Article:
Saturday, December 13, 2014

Winter is coming

November in Norway is a torturous time of year, nay a season in its own right. Waiting season. The days grow shorter and the nights longer, and our lives grow darker for lack of snow. This is the season when I pedal to work before dawn, and pedal home in equal darkness.

In the narrow, 5-hour strip of daylight, sunlight takes on an entirely different quality than during the rest of the year. It filters through the trees light liquid gold, warming nothing but the morals of those of us who are waiting for winter.

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Audun, Dad and Sebastian the dog enjoy a late season run above Bårdsgarden in Storlidalen.

We have been having alternate frost and thawing cycles. A cold ground covered in frost makes for beautiful late season biking and running, but each thaw brings cold mud and horrible conditions.

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Out for a frosty ride with Sigurd, Silje and Audun.

November became December, bringing colder temps, lots of ice and light snow cover, but still no relief from the in-between, waiting season. Last weekend, Audun and I decided to go out to the coast in an effort to find snow-free hiking. We arrived at the remote parking lot on the island of Tustna at 9 pm, many hours after sunset, and hiked in to Gullsteinvollen cabin by the light of our headlamps. Even though it was short hike, it felt like an adventure just being out there in the dark.

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In which I try to take a cool night picture without a tripod.

The next morning we awoke to realize there was snow on the peaks above us. The weather looked alright, however, and we were still hopeful that we could make it up to one of the peaks on the island. The island is tiny, maybe 20 km in diameter, and 900 meter peaks extended straight up from the sea.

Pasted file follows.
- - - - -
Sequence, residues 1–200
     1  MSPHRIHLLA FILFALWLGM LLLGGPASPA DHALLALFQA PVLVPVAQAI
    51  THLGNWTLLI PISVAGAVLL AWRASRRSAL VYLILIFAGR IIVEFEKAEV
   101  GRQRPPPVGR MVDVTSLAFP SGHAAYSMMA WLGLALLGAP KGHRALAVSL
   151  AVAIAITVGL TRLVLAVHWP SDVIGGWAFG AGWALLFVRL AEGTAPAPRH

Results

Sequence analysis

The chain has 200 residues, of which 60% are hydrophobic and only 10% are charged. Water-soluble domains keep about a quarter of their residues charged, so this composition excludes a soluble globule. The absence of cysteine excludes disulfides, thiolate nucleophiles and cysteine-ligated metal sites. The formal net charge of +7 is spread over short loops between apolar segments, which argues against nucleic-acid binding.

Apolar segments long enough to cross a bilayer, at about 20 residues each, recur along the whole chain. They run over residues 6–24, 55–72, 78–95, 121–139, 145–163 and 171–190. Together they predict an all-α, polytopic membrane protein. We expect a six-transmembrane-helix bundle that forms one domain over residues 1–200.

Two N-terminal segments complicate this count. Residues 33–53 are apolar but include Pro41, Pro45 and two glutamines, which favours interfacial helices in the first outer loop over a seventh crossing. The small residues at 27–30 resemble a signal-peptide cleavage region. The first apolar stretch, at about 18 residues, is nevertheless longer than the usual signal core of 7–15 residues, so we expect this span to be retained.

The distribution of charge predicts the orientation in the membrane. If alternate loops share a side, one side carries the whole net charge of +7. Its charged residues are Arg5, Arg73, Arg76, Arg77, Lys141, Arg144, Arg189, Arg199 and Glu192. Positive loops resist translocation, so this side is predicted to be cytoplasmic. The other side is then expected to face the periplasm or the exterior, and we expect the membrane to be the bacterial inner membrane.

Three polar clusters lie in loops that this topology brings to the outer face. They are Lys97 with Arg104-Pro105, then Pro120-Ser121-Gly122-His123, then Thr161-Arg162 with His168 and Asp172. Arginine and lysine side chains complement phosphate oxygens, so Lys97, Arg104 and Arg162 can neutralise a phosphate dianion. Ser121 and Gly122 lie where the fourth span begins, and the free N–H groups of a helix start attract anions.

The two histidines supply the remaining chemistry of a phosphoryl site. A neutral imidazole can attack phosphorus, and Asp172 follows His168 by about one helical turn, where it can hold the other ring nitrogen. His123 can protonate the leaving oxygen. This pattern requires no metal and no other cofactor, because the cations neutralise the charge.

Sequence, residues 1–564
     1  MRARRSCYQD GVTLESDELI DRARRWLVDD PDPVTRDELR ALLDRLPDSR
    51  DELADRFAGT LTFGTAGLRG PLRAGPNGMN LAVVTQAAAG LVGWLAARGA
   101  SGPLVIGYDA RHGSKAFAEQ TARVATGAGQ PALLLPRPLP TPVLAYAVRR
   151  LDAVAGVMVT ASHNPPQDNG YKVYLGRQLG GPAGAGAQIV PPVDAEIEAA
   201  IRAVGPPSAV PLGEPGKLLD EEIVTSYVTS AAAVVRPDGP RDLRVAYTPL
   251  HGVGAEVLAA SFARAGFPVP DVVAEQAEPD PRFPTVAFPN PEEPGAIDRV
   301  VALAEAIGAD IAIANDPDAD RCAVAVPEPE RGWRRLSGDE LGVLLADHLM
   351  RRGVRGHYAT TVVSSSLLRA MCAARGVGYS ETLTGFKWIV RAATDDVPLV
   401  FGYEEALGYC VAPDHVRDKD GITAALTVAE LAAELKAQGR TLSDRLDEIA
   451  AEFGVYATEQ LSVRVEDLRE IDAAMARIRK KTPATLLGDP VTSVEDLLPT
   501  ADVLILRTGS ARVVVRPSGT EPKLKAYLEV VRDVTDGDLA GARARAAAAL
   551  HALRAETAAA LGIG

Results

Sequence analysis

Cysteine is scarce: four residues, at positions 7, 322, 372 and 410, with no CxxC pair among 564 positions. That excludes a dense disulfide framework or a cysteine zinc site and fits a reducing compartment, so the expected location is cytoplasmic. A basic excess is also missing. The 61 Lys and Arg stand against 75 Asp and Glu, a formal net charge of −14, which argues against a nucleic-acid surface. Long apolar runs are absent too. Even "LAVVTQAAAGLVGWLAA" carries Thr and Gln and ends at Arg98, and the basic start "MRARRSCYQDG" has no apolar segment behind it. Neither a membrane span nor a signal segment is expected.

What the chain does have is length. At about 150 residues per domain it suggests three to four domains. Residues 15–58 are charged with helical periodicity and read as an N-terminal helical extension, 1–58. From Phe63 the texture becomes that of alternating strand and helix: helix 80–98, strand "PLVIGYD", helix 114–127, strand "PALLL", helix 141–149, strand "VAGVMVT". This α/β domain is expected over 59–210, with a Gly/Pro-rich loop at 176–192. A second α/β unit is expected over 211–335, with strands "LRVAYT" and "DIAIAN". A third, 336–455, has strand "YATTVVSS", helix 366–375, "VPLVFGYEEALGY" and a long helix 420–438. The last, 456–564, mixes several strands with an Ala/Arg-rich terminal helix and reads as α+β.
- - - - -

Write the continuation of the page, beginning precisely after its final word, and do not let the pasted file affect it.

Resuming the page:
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Winter in the mountains

The weather quickly turned to snow and mist, and we wallowed up to the pass between the two main ridges on Tustna in the snow, just barely able to find the trail markers.

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It was beautifully and wintery, but not exactly the hiking conditions we had hoped for. We made a half-hearted stab at Skarven, but turned quickly, regretting the lack of crampons in our arsenal.

As we headed down from the pass, the mountain seemed to have felt it won. First a gap in the swirling mist and snow appear, illuminating the fjord below us with a shaft of sunlight.

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The fjord below.

I was breath-taken. This was exactly the reason I go to these places, for the moment when you’ve struggled and are suddenly allowed to see something beautiful. These are the moments you cannot buy.

The weather grew better as we headed downs Trollstua, the cabin we would stay at for the night. I almost wanted to shake my fist at the mountain - why couldn’t it have cleared off while we were up there?

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Still summer in the forest.

The next day was much of the same, only it never cleared off. Thick snow turned to freezing rain and we arrived back at the car, soaking wet and cold.

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A situation which begs the question: is this your idea of fun?

We’re crossing our fingers that this was the last hike of the year - next time we’ll bring skis!

- The Wild Bazilchuk

4 comments:

  1. I'm curious about the cabins, do you rent them? What's in them?

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    1. Norway has this incredible hut system. The Norwegian Tourist Association (http://english.turistforeningen.no/) owns over 200 cabins all of Norway. Some are full service, so people work there serving meals, close to a simple hotel (I worked at several of those cabins during the summers when I was younger). The majority of the cabins are self-service, so you have a universal key that fits in all of the doors. In the cabins there's typically a common room and kitchen with a gas burner, woodstoves, and bedrooms with bunk beds, and a small room of provisions that you can buy (although we typically pack in our own food). The cabins run completely on honor system, so you pay per night, typically about 250 NOK (about 30 USD) per person.

      Here's a page (in Norwegian) about one of the cabins we stayed at last weekend, you can see some pictures there: http://ut.no/hytte/3.1326/ I always forget to take pictures when I'm inside!

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    2. Another reason to visit Norway! What a great system!

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  2. This sounds awesome! Love the look on your face in the snowy photo. My snow bliss face looks similar, I think.

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